The following representation of the joint distribution of degrees and weights is useful to obtain scale-free property for degrees.

Theorem 6. for all , .

Proof. It is easy to see that if and , then we have If and we have Generally, for all and we have because one of should be equal to 2, which is of zero probability. Furthermore, using the recursion (45) and the assumption that are independent random variables which are independent of , we have Therefore, the sequence satisfies the same recursion (15) as .

Theorem 7. Suppose that and . Then where the error term does not depend on .

Proof. We can follow the ideas of Theorem  4.2 in [7]. For we have hence, as . Similarly, by simple computation, we have as .
Now, we can apply Theorem VII.2.5 in [10] (see Proposition 11 in the Appendix) for . The conditions of that theorem are satisfied; therefore, we have Using (62) and (63), we obtain . Therefore, it follows from (63) that The independence of and implies that . Using this in (64), we can obtain the desired result.

Our last theorem is an extension of Theorem  4.3 in [7] to the case of interactions. The theorem shows the scale-free property for the degrees.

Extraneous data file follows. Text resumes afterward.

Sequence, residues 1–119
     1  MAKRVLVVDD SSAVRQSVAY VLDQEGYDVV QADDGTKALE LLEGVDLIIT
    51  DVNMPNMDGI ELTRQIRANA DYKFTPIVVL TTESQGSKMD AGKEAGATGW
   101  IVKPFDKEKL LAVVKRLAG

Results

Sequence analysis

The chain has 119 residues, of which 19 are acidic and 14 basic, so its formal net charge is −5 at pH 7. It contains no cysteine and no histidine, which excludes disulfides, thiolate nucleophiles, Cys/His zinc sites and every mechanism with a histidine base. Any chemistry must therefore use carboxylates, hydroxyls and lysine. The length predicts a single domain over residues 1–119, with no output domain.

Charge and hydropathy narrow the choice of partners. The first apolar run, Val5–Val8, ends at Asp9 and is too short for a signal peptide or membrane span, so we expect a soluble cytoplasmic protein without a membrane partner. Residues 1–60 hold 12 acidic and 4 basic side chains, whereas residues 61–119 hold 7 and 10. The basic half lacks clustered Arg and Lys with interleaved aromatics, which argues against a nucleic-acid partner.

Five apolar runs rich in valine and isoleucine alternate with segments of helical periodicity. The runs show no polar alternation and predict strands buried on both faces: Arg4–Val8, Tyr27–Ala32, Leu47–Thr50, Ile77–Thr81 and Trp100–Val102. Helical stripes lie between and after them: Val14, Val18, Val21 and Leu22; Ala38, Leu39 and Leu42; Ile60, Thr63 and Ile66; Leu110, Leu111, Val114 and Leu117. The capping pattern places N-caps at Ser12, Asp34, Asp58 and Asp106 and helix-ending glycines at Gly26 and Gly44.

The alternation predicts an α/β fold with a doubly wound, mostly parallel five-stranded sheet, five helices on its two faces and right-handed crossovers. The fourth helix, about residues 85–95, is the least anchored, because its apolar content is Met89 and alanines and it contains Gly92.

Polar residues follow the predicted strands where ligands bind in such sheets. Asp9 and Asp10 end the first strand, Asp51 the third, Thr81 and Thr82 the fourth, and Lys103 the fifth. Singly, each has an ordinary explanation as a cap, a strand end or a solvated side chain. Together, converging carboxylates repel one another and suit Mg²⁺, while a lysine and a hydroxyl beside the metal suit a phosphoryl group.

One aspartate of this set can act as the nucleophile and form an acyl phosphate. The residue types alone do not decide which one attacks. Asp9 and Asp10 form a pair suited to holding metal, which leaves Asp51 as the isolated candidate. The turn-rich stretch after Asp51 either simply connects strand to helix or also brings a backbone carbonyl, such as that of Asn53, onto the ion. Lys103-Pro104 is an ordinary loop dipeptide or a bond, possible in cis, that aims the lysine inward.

Theorem 8. Let , , and . Let us denote by the number of vertices of degree after steps; that is, . Then, for any one has almost surely as , where are positive numbers. Furthermore, as .

Proof. By Theorems 3 and 6, converges almost surely to the distribution . But the cardinalities of terms in are not bounded when . However, using that , , is a proper two-dimensional discrete distribution, the convergence of the marginal distributions is a consequence of the convergence of the two-dimensional distributions. So we obtain (65).
To obtain (66), we can apply the method of Theorem  4.3 in [7]. Let with some fixed .
Using (61) and Hoeffding’s exponential inequality (Theorem  2 in [11], see Proposition 12 in the Appendix) we obtain for Here implies that Therefore in the case when we have Using this, we can obtain that Similarly, if , again by Hoeffding’s inequality, we have Using that and , we obtain . Therefore Hence
Now consider the case when . First we need some general facts. Consider the set It is easy to see that when then if and only if . More precisely, As , so we have . Then (with arbitrarily small) as . Here the error term does not depend on . We will apply Theorem 7, that is, formula (59). The asymptotic behaviour of is known from (50). Using these facts and (77), we obtain as and , where . Therefore Thus we have as . Finally, (71), (74), and (80) imply as . The proof is complete.

#### Appendix

We use the following results on discrete time martingales. Let be a submartingale. Its Doob-Meyer decomposition is